Thorp T-18

The T-18 design was originally developed with the Lycoming 0-290G (ground auxiliary power unit) in mind, by John Thorp. Which was easily converted to a Lycoming 0-290D engine producing 125 HP.

The T-18 is an all metal 2 place side-by-side high performance aircraft. Control response is exceptional and control forces are well harmonized. The T-18 is a very capable cross-country airplane. It will carry 2 people, 80 lbs. of baggage, and depending on engine and prop, can cruise around 180 mph. Powerplants range from Lycoming O-235 (115hp) to IO-360 (180).

The T-18 was designed to be built from twelve 4' x 12' sheets of aluminium ranging in thickness from 0.016 to 0.040. Ribs and fuselage frames were designed to be hand formed with a mallet over plywood form blocks. Simple aluminium angle extrusions are used for stringers and longerons. The main wing spar caps are made from 1/4 "U" channel on top and angle on bottom with flat sheet for spar webs.

John Thorp designed the aircraft to be small, yet strong with excellent take-off and climb performance. The landing gear is a simple "A" frame of heavy wall 4130 steel tubing, heat treated to 180,000 lbs./sq. in. and bolted to the firewall with (3) 3/8" bolts. The engine mount is also attached to the "A" frame allowing landing stresses not to be transmitted directly to the fuselage. This landing gear system has proven to be rugged and durable. The T-18 incorporates the "flying tail" which John Thorp held the patent for. This design also incorporates a sliding bubble canopy, like a fighter style.

The T-18 is a very historic aircraft. It was one of the first all metal homebuilts. It was the first homebuilt to use the stabilator or all-flying-tail. The stabilator was designed by John Thorp and was later used by Piper on their line of Cherokee aircraft. Today you can see the extensive use of this design on military aircraft. The T-18 was the first homebuilt aircraft to fly around the world. It was also the first homebuilt airplane to fly to both the geographic and magnetic north poles. The legendary Don Taylor completed all of these feats in the early 1970's. His famous T-18 is now on display in the EAA museum in Oshkosh, Wisconsin. 

T-18 plans are available again through Eklund Engineering. They are also developing a kit version, using laser cut parts and of course John Thorp's matched hole tooling concept. The laser cut parts are beautiful and it promises to be a wonderful kit. For more information contact Eklund Engineering at: or by phone at: (209)727-0318

No other homebuilt has done all the things that have been done by this airplane. It is no doubt one of the best designed aircraft in the world.

T-18 Designations / Models

The original design by John Thorp in about 1963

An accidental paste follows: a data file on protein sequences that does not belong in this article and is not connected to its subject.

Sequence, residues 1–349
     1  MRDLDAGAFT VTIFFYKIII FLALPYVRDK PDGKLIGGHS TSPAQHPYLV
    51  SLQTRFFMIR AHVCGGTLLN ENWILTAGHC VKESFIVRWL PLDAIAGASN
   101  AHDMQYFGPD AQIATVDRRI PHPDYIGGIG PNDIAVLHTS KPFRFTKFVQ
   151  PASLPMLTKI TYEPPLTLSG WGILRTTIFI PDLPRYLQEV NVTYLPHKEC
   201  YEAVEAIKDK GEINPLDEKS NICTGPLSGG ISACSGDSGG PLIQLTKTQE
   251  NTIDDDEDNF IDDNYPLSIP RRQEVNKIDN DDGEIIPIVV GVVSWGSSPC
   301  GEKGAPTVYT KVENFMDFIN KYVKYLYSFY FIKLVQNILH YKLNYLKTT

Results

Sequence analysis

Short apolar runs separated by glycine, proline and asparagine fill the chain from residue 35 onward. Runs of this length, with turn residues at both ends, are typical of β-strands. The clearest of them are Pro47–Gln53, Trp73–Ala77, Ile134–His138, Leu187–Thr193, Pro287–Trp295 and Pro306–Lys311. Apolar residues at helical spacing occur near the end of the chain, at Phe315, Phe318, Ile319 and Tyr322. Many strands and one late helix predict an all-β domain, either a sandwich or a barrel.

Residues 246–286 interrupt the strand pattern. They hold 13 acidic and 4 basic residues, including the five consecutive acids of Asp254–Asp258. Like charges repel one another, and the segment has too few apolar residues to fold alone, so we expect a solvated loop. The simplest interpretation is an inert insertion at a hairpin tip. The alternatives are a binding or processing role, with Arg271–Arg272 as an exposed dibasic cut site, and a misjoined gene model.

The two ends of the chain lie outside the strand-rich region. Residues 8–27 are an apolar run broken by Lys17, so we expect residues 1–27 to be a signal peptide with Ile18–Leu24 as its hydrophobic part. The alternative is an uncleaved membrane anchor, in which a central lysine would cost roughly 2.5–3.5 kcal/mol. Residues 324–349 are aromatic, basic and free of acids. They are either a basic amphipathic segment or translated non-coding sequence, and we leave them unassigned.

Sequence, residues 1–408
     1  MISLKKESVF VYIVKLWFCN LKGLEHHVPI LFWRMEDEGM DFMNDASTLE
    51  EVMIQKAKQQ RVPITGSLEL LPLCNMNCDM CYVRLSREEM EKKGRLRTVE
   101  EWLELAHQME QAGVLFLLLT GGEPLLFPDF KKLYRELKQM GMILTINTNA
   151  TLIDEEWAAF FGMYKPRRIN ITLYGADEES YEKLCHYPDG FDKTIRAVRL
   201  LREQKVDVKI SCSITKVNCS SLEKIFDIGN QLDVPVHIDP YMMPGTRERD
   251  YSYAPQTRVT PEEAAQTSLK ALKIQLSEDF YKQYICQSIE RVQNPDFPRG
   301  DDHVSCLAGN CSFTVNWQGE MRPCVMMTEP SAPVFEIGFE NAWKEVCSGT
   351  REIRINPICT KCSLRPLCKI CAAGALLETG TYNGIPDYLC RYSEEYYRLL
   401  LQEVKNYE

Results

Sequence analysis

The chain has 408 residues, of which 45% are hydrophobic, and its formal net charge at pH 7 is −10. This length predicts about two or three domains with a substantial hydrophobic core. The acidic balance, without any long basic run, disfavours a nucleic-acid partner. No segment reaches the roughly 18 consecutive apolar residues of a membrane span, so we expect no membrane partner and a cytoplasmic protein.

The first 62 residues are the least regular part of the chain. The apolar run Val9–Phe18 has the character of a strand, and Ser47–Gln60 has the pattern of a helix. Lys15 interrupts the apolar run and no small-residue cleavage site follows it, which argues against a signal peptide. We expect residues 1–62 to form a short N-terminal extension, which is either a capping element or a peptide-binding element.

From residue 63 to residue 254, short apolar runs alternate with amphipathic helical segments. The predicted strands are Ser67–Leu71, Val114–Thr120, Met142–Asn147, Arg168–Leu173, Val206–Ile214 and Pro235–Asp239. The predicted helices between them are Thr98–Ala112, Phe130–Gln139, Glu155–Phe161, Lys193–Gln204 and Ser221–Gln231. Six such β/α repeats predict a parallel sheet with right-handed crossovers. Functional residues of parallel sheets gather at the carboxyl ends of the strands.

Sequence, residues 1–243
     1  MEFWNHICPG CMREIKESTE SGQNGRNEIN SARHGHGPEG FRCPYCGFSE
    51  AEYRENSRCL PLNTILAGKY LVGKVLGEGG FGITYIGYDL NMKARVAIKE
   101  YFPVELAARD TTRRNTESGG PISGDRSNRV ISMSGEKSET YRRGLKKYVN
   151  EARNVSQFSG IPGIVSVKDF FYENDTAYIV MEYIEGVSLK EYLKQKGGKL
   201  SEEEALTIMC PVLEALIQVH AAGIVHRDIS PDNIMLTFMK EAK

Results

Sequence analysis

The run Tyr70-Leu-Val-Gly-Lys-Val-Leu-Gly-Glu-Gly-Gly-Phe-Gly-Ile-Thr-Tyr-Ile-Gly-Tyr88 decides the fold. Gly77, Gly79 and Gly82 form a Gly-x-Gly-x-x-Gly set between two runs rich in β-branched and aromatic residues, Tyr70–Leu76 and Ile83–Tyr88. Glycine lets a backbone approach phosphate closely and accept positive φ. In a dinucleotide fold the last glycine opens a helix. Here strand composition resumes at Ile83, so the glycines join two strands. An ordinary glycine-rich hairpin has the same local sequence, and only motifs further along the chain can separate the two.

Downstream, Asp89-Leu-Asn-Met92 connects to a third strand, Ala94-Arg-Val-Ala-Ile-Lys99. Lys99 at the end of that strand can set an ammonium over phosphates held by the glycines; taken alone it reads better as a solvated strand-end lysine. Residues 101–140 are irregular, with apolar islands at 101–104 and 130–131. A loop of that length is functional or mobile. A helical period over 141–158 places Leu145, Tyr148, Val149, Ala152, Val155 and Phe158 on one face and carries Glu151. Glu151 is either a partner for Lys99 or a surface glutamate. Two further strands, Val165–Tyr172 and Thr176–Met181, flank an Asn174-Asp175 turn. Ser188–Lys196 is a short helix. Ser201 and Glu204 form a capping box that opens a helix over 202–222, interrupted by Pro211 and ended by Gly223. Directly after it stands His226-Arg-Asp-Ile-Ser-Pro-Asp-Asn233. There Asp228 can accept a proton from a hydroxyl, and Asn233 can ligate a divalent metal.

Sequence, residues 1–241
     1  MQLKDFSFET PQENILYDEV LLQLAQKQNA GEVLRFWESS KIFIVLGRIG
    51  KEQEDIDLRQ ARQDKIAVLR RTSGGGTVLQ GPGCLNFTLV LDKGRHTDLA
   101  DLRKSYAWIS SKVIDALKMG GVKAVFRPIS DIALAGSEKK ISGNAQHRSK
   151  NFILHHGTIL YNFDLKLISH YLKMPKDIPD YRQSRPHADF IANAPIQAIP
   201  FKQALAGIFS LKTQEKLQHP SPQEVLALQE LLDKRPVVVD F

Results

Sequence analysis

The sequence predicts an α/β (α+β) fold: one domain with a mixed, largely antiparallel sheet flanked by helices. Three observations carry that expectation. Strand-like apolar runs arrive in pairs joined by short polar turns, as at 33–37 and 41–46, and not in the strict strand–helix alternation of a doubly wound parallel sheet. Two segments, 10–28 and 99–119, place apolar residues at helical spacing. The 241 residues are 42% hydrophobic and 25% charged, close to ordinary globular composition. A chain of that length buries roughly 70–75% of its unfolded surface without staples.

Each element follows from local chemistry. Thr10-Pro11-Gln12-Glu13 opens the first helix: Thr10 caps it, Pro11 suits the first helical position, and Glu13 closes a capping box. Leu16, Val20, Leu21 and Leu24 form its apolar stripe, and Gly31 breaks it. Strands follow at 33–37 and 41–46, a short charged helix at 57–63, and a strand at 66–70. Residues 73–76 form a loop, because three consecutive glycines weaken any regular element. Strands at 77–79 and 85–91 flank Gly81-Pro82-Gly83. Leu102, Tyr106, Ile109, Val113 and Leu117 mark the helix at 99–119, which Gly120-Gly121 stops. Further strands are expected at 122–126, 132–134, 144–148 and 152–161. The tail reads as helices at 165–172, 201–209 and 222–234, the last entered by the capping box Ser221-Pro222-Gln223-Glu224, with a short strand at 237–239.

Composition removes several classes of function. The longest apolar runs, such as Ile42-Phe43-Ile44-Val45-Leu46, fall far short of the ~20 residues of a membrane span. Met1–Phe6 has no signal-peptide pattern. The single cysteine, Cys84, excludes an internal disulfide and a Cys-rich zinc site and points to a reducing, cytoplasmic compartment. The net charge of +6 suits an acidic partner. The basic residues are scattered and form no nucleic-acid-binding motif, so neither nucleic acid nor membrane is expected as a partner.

The original T-18 fuselage design, but incorporating Lu Sunderlands new Convertible or folding wing. Plans were available through John Thorp. The folding wing was a supplement to the original T-18 drawings. The plans were taken off the market in 1984 when John Thorp retired.

Not many of these exist, but is the wide body version of the fuselage as designed by Lu Sunderland, using the standard T-18 wing platform. Plans were available through John Thorp. The wide body modification was a supplement to the T-18 drawings. The plans were taken off the market in 1984 when John Thorp Retired.

This is the predecessor to the S-18. It is the wide body version of the fuselage, and also the Convertible or folding wing as designed by Lu Sunderland. Drawings were available from John Thorp and they contained supplements for the fuselage and wing modifications. The plans were taken off the market in 1984 when John Thorp retired.

This is my own designation for this model and I hope it will be accepted. This model uses both the standard fuselage and the standard wing plan form, but incorporates the LDS airfoil designed by Lu Sunderland and used on the S-18. There are no actual drawings for the "L" version, as builders have taken it upon themselves to make the airfoil change.

This is the redesigned version of the T-18 by Lu Sunderland. A complete new set of drawings were done and offered in 1985. It is basically the T-18CW

wing span
wing area
empty weight
useful load
gross weight
fuel capacity
Lyc. HP Range180/125-180
18.9 ft
5.1 ft
20.8 ft
x940 lb

1500 lb
29 gal
500 n.m


takeoff distance, ground roll
rate of climb
max speed
cruise speed
landing distance, ground roll
service ceiling
1000 ft
1500 fpm
210 mph
201 mph
1800 ft
18,000+ ft

limiting and recommended speeds

design manoeuvring speed (Va)
never exceed speed (Vne)
stall, power off (Vsl)
landing approach speed
60 mph

All specifications are based on manufacturer's calculations